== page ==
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Can’t Stop Fixing people? – Overcome People Pleasing This Way.


A behavioral pattern that drive you seek someone’s approval you had much needed. Your survival have been depended on fixing people. Knowing that brings you greater frustration, confusion and anger – here’s a small guide that may provoke how you think.

What script are you often playing in your head? – Sit quietly and really identify.

“If I fix/save this person’s problems, he/she will ___________.”

“If I express my thoughts, they may __________.”

“I feel accepted and loved when they _________.”


Your attempts will help you identify these two themes.

1) Either you are seeking validation/support from the person. (e.g. If only I manage to prove my potential to my parents/boss).

2) Or you are trying to control, manage, attend to or change - how someone thinks about you. (e.g. If only I save this person, he/she will desire a romantic relationship with me).


  •       Agreeing to things you don’t like
  •       Doing things for people to earn their approval
  •        Always apologizing to people
  •        Neglect of own needs, to prioritize others’ needs.


Re-adjust the control.

These never ending attempts will leave you often disappointed, frustrated, helpless and this loop of unhelpful strategy.

I’m not aiming for the anxiety you experience, but to modify the goal of your behavior when you’re anxious/fearful. Instead of holding onto the control, re-adjusting it will come much applicable to you.


Few questions I find helpful to my clients:

“What aspects about my partner I will no longer be responsible to control?”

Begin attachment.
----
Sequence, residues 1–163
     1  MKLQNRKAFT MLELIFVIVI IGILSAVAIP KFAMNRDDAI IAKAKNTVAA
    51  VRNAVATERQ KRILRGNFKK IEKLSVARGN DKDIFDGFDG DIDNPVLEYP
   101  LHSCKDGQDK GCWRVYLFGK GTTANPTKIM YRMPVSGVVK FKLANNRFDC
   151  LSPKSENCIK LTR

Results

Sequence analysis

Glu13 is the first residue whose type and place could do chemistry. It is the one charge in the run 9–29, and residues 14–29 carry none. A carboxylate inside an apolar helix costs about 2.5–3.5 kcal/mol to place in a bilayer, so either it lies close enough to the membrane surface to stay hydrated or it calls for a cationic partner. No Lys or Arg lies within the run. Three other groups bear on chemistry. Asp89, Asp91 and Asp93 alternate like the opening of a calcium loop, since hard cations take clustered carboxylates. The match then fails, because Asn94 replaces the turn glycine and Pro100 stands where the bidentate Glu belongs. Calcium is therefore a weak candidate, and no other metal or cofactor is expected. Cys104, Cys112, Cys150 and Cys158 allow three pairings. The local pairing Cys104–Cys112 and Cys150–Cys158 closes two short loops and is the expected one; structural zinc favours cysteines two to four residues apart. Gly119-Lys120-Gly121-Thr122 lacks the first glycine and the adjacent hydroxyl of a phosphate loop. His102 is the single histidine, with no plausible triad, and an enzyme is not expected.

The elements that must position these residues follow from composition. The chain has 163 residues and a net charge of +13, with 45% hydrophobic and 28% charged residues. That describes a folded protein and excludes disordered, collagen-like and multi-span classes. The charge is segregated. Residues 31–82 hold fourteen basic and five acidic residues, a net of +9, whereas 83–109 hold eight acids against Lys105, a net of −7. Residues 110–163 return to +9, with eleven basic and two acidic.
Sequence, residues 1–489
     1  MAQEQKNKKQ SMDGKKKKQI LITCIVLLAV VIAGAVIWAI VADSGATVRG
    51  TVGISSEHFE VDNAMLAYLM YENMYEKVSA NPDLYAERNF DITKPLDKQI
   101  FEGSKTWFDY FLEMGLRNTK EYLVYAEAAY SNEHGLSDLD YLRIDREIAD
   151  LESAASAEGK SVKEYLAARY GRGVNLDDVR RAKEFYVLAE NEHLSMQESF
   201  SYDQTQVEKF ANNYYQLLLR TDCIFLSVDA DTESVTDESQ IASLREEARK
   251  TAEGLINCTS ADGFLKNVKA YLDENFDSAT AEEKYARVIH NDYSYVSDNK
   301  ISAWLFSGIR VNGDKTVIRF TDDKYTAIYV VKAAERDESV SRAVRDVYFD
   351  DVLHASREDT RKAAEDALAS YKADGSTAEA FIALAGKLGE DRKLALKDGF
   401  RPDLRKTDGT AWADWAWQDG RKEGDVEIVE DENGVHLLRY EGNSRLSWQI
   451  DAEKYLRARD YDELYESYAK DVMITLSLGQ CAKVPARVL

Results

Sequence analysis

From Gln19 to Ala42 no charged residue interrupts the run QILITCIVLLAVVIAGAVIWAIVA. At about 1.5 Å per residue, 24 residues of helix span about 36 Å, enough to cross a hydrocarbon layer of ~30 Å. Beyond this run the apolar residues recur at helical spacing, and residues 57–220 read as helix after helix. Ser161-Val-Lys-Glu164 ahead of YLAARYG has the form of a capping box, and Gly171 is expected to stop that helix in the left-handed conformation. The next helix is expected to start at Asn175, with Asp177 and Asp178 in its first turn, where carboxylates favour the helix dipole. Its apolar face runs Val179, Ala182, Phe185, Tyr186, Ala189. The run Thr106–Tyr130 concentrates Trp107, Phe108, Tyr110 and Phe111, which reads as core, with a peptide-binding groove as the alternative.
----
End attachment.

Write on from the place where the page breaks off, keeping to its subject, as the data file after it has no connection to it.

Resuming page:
“What are my share of things that I can do for this person, instead of completely rejecting my own needs and fully attending to theirs?”

“If someone’s behavior leaves me wondering, what are the things/behavior that I would no longer do?”

“If I feel constantly invalidated by a person, what will I stop entertaining? (instead of asking myself things that I must do)”


Few thoughts I find helpful to my clients:

“It’s not my responsibility to make sure my partner is responsible.”

“It’s not my role to rescue people from their problems.”

“It’s okay if others get angry”

“Someone’s disapproval over my thoughts, doesn’t make it wrong. They are still mine.”

“I don’t need permission to think/feel a certain way.”

“Can we talk about this later?”

“I’m not feelings seen or heard by this person. I don’t have to allow this further.”

About the Author

Sally is a psychotherapist and shares insightful tools that’ll make our lives simpler and help us cope with everyday events. She has attained a masters in Mental Health counselling and also offers personal coaching sessions to clients online. For more information, visit or drop her a message. 



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